Student empowered after being called ‘Chief’ and ‘Boss’ at Dutch

Zachary Nislick, Columnist

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It’s 7:45 a.m., and freshman Adam Daniels is waiting in line at Dutch Hollow to order a breakfast sandwich before his first class. Adam, although barely awake, felt a sense of empowerment as a Dutch worker greeted him by asking “what can I get for ya boss?” and after ordering asking “will that be all chief?”

Despite being a freshman in college with absolutely no work experience or native American heritage, Adam was flattered to be treated with such respect while ordering a breakfast burrito.

“I felt like a King,” Adam explained. “It was a great way to start the day knowing that the Union dining staff thinks I look like a figure of power.” He was too tired to notice the three people ahead of him get called the same names, but Adam felt personally legitimized by the greetings. “I knew Union had a reputation for breeding leaders of industry, but I didn’t realize how early you can be recognized by the administration.”

It’s that kind of enthusiasm amongst the Dutch staff that sets it apart from other eating establishments on campus. West may serve tasty wings and sticks, Upper can deal a mean tofu mac-n-cheese and Rathskellar brews a thick milkshake, but where’s the associated chivalry that appraises students’ socioeconomic status? Those wings certainly don’t radiate confidence akin to executives like the egg sandwiches at Dutch do.

Adam, along with countless others, chooses Dutch over other eateries for their unmatched hospitality, and it has influenced places like the Garlic Nott, West dining hall and even the CPH Kiosk to adopt new greetings to stay competitive.

The Garlic Nott has tried out new phrases such as “ciao bello!” and “buona giornata!” to inspire some kind of foreign appeasement. West has recently lost a large chunk of their carnivorous consumers because students don’t feel anything special after being greeted by the “meat man” with a “how’s it going guy?”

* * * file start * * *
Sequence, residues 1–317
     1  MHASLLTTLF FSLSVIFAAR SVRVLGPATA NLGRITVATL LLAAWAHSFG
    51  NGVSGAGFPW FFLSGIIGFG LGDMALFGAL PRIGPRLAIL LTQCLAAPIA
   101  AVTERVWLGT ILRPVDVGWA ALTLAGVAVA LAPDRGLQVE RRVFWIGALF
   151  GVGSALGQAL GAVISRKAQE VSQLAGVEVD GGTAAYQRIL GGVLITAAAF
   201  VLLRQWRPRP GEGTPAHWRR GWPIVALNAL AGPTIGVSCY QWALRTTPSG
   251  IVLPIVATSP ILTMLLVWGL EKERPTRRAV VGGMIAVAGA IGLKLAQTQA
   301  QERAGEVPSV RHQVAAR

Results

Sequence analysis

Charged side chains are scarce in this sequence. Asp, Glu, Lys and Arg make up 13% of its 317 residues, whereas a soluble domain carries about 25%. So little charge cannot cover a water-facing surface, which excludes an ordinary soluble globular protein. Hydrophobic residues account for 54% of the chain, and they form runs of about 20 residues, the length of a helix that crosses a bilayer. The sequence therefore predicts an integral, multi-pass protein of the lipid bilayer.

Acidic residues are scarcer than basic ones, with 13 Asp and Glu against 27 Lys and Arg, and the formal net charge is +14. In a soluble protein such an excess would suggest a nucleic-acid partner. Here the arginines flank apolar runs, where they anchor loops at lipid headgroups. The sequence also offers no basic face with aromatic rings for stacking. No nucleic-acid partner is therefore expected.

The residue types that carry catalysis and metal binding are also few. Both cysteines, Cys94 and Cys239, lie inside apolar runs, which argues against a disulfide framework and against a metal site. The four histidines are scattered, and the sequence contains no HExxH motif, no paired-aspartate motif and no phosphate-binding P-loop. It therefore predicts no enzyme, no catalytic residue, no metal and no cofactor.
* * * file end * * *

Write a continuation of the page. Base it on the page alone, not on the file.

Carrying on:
This is particularly unappreciated by the female student body, who don’t like being called ‘guy’ no matter how attractive he makes it sound. In addition, the CPH kiosk is looking for new how-do-you-do phrases to attract customers to the far ends of campus for their famous CPH salads.

The only food establishment that has stuck with their formal greetings is the Ushi bar. A simple bow and courteous “thank you buddy” from the sole Ushi bar employee may not instill the same empowering feelings in his customers as Dutch employees do, but it is still refreshingly lighthearted and brings consistent business to the 10 square foot food stand.

Some would say a movement across campus dining has begun where the greeting defines the eating experience. Union administration has lauded dining institutions for adopting these changes in verbal interactions to create a more unique eating experience for its students, believing it has set them apart from the higher ranking universities.

In particular, these eating experiences offer valuable material for students’ resumes. “It’s a great resume boost having uncredited dining staff employees’ valuation of my abilities,” mentioned Adam.

At press time, Adam was seen asking Dutch employees for letters of recommendation for summer internships.